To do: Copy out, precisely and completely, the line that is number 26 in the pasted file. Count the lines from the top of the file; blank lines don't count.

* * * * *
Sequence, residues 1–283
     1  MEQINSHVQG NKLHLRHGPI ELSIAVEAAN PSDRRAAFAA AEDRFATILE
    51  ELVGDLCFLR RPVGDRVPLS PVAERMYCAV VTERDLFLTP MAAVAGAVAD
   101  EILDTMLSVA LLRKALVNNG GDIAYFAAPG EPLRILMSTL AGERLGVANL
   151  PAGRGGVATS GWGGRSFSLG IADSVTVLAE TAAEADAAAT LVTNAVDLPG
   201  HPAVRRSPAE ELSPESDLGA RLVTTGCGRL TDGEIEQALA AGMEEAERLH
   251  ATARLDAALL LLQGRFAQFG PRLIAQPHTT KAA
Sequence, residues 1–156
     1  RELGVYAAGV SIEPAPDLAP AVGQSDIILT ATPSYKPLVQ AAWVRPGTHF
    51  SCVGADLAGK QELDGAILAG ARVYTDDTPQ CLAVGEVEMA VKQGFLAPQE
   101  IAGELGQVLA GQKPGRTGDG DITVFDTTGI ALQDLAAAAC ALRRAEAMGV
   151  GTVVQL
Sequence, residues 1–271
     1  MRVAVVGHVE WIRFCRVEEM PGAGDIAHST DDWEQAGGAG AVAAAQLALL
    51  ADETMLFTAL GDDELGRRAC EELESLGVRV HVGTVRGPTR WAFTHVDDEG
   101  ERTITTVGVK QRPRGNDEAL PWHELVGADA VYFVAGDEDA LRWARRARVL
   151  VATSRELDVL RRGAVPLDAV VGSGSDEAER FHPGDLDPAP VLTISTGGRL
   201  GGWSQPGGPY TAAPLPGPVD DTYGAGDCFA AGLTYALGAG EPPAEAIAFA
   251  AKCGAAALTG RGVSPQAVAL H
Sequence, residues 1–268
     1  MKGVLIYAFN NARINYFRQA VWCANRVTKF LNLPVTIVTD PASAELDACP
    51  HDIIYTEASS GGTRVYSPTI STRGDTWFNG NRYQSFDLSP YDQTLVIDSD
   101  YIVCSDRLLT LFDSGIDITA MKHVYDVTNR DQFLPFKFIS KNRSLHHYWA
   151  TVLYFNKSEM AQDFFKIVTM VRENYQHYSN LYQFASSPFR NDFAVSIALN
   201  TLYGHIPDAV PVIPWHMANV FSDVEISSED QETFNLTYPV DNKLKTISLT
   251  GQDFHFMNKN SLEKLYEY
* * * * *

   251  GQDFHFMNKN SLEKLYEY